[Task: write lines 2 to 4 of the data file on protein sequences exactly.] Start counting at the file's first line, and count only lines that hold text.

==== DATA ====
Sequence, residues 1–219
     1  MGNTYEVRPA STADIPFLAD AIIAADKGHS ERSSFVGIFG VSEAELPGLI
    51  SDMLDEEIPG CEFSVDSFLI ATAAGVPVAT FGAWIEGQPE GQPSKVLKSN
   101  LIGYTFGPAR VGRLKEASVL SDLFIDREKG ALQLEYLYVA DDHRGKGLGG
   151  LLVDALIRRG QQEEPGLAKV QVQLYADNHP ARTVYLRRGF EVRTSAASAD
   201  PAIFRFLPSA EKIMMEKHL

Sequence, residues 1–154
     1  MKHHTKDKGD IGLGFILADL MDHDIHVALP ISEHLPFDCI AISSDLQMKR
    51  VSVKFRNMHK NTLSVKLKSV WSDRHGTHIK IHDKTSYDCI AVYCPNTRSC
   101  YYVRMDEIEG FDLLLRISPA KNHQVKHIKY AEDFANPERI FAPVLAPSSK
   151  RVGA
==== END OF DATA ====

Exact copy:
     1  MGNTYEVRPA STADIPFLAD AIIAADKGHS ERSSFVGIFG VSEAELPGLI
    51  SDMLDEEIPG CEFSVDSFLI ATAAGVPVAT FGAWIEGQPE GQPSKVLKSN
   101  LIGYTFGPAR VGRLKEASVL SDLFIDREKG ALQLEYLYVA DDHRGKGLGG